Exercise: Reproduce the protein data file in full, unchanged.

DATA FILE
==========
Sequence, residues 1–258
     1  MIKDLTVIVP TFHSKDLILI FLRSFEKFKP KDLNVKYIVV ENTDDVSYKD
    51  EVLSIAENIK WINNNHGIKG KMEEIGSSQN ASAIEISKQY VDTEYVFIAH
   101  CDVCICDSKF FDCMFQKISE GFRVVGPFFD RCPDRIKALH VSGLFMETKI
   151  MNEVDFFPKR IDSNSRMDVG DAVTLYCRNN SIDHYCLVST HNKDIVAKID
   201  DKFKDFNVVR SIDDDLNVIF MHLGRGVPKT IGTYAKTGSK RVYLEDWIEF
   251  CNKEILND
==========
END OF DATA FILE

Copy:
Sequence, residues 1–258
     1  MIKDLTVIVP TFHSKDLILI FLRSFEKFKP KDLNVKYIVV ENTDDVSYKD
    51  EVLSIAENIK WINNNHGIKG KMEEIGSSQN ASAIEISKQY VDTEYVFIAH
   101  CDVCICDSKF FDCMFQKISE GFRVVGPFFD RCPDRIKALH VSGLFMETKI
   151  MNEVDFFPKR IDSNSRMDVG DAVTLYCRNN SIDHYCLVST HNKDIVAKID
   201  DKFKDFNVVR SIDDDLNVIF MHLGRGVPKT IGTYAKTGSK RVYLEDWIEF
   251  CNKEILND